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A collection of stories covering SF, horror and adjacent territory - you know, the sort of stories *about* SF &c which Michael Chabon sometimes does. But not so friendly as Chabon always comes across. I like author notes in general, but compared to the usual love-in where every publication was an honour, Mamatas' can be entertainingly rude about some of the venues, like the one which starts as "an ersatz Cemetery Dance" and then goes mostly downhill from there. Equally, the bit where he finds writing exhausting and distasteful is so much more reassuring than all those writers who apparently love every minute spent with pen in hand. Or 'Slices of Life', which is fiction about science yet not science fiction, and turns out to have been intended to announce a retirement from SF - a plan which the notes explain was abandoned for wholly financial reasons. Sometimes I felt like the shorter pieces in particular worked best as set-ups for these punchlines because, for whatever reason, there was a lot here with which I didn't quite connect, despite many writers I enjoy being huge Mamatas fans. The arrangement of the collection doesn't always help; the story with an AI simulation of Lovecraft is a smart riff on some of the fears expressed in HPL's own fiction, but it's followed too closely by a similar reproduction of Marx, which feels like the same idea filtered through a st**mp*nk setting and makes one worry the whole book will be riffs on that idea. And it's not, but why set up that impression needlessly? Still, there were a few that got me - like a well-timed Charles Rennie Mackintosh nightmare of Glasgow which gets its claws in early with the notion that "It’s the nightmares you don’t recall even having that get you in the end". Or the counterblast against manifestos in general which knows that "the less clear an idea is, the more likely it is to be popular". The collection's final third is taken up by a prescient short novel, Under my Roof. First published in 2006, it envisages a near-future America at loggerheads with practically everyone, where the middle class is being hollowed out and the apparatus of state seems increasingly to be a tool of repression and suppression. So young Herbert Weinberger's dad decides to start his own rogue state in the suburbs. And by way of insurance policy, he makes a nuke inside a garden gnome (the process being described in a degree of detail I found slightly unsettling). Oh, and also - Herbie's telepathic, which comes in handy as things get progressively more out of hand.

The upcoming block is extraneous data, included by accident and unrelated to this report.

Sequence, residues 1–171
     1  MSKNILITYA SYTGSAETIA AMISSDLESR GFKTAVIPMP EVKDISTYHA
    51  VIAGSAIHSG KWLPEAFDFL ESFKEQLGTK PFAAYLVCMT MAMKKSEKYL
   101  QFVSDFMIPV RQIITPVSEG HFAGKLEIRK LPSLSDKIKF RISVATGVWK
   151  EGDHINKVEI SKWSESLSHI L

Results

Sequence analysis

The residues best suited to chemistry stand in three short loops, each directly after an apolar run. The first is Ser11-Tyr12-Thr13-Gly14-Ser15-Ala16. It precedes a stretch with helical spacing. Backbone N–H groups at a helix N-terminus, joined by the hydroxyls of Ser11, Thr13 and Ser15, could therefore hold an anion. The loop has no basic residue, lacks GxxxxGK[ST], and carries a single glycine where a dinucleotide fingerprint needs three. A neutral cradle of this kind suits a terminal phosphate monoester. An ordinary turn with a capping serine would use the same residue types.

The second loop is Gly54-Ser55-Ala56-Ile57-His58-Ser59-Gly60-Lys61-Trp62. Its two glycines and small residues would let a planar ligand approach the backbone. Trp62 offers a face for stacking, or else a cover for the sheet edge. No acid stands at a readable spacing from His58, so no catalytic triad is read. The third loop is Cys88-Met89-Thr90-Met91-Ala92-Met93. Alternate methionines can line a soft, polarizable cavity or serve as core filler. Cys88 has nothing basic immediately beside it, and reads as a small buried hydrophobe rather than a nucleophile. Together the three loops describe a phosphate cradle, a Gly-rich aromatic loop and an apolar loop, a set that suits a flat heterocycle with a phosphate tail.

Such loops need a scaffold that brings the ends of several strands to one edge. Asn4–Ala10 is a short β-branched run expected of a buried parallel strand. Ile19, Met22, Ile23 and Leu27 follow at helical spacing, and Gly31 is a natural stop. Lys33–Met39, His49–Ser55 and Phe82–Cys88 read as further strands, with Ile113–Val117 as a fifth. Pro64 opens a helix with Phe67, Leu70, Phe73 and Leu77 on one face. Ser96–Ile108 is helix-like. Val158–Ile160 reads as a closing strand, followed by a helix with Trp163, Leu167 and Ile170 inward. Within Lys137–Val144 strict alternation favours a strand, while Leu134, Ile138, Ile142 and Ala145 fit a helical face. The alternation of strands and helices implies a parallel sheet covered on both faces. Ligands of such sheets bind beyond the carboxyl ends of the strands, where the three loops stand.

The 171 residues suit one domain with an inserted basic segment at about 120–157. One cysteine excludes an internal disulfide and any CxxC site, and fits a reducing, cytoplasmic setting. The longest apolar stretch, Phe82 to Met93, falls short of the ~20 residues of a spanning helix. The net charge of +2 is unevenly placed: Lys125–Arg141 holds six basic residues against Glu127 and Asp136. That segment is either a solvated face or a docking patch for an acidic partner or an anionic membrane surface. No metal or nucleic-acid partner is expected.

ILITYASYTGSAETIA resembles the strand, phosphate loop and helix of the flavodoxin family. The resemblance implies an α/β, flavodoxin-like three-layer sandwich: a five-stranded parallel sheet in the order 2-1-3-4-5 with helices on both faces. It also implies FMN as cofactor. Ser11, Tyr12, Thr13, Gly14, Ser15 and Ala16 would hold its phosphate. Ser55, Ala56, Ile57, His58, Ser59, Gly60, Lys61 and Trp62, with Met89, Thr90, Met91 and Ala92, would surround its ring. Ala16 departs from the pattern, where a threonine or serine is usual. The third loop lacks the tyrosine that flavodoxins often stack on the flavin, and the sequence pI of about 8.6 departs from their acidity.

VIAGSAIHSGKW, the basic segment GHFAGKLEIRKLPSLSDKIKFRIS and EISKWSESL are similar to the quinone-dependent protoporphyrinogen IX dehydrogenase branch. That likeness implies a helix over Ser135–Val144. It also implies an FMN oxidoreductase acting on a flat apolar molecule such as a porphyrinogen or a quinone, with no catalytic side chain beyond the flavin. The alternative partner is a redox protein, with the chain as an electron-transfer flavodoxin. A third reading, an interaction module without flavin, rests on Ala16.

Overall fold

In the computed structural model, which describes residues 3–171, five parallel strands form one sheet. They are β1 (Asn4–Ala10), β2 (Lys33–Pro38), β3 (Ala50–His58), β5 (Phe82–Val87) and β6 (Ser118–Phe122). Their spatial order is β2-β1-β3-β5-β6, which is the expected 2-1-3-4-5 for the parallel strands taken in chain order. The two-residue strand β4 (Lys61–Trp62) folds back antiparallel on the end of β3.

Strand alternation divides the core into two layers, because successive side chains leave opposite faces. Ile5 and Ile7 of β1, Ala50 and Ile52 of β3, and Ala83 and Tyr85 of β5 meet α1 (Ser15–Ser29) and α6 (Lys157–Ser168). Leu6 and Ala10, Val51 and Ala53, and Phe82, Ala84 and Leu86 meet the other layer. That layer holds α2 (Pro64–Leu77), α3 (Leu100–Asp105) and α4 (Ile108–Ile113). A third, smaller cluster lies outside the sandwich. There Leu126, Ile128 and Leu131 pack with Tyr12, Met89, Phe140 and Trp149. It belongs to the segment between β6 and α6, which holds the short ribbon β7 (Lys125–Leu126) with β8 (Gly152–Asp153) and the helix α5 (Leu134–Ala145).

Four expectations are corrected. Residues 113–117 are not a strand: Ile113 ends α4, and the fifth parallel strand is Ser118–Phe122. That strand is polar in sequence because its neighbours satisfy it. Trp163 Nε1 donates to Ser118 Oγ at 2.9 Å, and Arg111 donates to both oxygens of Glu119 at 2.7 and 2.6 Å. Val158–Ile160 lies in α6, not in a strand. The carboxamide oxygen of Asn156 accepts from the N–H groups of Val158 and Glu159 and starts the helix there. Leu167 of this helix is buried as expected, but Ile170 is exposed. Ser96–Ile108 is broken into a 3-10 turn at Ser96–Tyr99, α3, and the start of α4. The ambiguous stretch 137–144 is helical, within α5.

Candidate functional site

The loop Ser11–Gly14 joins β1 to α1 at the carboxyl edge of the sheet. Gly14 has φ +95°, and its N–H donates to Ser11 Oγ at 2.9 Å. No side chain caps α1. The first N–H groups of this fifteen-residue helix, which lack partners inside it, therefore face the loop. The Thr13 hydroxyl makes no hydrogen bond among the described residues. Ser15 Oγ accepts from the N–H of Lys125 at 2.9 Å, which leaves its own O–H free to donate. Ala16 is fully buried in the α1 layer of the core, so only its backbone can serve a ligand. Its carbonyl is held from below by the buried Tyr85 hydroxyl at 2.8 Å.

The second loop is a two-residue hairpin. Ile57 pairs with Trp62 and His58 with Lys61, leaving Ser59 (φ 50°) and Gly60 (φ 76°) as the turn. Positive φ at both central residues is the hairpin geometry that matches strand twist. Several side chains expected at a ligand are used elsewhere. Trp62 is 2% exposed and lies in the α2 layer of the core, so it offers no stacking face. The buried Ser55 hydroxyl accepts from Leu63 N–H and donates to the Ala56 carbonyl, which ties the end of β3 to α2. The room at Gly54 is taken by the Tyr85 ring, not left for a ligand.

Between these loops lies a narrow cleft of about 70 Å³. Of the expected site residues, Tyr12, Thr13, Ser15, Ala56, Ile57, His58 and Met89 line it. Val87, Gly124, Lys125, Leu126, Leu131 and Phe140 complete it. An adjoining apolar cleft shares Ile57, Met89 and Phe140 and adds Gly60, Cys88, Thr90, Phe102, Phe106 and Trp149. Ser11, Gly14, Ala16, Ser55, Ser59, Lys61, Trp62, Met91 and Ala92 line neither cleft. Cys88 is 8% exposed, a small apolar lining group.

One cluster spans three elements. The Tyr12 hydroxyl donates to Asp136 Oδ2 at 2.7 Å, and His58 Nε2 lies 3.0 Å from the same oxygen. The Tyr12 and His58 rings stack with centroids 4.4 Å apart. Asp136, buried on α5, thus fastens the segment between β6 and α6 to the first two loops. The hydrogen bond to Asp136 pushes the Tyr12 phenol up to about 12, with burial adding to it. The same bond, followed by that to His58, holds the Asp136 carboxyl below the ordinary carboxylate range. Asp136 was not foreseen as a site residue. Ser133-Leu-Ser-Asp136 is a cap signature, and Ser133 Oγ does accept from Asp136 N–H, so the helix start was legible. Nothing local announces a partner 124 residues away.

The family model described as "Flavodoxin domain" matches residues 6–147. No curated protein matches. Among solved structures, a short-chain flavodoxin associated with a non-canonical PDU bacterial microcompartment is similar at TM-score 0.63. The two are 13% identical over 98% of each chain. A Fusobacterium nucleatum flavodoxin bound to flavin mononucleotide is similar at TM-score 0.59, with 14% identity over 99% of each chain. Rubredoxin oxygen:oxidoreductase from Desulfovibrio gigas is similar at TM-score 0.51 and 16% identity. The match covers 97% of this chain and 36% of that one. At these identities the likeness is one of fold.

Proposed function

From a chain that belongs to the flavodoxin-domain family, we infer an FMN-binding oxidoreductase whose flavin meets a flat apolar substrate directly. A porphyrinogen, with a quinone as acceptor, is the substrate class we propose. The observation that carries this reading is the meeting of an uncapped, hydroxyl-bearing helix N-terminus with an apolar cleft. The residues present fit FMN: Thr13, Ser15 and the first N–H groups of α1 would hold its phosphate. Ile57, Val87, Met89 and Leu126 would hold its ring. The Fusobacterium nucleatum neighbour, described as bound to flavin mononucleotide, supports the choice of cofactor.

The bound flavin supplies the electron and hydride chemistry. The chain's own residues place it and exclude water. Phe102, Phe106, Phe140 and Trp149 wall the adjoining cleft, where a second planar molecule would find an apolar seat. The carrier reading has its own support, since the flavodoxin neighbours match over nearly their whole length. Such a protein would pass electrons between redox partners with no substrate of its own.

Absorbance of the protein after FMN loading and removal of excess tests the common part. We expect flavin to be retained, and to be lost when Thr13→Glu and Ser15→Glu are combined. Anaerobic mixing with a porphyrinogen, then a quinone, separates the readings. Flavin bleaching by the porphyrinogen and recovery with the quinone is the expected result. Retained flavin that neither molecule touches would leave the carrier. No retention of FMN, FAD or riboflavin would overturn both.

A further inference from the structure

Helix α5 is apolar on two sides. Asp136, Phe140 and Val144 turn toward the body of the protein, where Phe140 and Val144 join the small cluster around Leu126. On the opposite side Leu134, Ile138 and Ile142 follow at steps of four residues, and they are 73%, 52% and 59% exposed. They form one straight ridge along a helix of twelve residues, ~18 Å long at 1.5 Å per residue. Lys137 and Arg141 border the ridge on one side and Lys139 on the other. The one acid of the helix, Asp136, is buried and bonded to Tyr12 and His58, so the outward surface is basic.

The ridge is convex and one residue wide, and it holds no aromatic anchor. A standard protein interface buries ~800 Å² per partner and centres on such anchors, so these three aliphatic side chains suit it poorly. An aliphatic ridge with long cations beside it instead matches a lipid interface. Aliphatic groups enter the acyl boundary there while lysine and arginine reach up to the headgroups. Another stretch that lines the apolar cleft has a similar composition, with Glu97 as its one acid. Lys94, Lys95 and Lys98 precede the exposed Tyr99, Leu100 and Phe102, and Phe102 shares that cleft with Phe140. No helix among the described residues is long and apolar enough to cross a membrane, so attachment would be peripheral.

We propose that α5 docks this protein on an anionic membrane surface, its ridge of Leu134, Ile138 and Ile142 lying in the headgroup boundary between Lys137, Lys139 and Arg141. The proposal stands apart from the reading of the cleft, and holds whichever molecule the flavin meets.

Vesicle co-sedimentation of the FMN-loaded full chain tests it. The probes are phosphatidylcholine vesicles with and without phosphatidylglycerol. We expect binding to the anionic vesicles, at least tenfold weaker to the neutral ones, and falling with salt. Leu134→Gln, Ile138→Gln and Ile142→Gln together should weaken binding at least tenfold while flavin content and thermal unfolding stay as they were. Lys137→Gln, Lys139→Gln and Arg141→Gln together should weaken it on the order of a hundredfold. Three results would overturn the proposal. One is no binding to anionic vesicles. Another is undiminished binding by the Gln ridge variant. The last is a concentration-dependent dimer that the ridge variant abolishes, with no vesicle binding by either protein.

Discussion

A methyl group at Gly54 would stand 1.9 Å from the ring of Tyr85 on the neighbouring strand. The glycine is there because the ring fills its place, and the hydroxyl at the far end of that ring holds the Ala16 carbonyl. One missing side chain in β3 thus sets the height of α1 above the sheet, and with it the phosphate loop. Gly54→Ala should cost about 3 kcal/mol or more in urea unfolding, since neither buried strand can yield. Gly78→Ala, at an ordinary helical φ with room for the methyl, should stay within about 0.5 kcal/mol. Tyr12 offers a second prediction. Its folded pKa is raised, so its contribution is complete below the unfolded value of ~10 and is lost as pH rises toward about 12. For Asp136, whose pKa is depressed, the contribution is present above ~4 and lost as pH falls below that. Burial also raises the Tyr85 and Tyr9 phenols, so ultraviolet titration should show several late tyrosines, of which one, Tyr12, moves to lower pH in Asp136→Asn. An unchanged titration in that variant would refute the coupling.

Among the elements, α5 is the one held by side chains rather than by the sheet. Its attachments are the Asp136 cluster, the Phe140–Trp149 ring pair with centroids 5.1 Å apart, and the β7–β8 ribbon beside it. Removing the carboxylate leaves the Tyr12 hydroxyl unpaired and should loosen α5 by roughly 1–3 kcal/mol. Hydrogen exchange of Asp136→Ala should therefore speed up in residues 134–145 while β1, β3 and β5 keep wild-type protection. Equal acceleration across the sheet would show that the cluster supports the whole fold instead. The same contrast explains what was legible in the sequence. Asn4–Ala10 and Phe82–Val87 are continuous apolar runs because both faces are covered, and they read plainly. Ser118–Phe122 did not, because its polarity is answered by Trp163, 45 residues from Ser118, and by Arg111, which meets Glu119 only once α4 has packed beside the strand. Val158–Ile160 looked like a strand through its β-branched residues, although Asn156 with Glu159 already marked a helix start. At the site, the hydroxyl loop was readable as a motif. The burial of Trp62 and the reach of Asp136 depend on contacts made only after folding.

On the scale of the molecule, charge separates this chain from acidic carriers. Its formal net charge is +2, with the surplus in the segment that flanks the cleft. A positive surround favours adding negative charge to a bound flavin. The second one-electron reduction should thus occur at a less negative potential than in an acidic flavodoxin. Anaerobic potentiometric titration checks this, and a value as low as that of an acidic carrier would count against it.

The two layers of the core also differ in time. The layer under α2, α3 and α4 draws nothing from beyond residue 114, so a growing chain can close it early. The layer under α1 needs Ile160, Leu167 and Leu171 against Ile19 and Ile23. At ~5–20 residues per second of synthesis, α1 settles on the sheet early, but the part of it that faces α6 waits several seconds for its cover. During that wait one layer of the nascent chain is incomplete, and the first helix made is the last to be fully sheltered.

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Everything
The People's Republic of Everything by Nick Mamatas
The People's Republic of Everything
by Nick Mamatas,
Jeffrey Ford (Introduction)

M 50x66
Lou Jacobs's review
Jun 23, 2018  ·  edit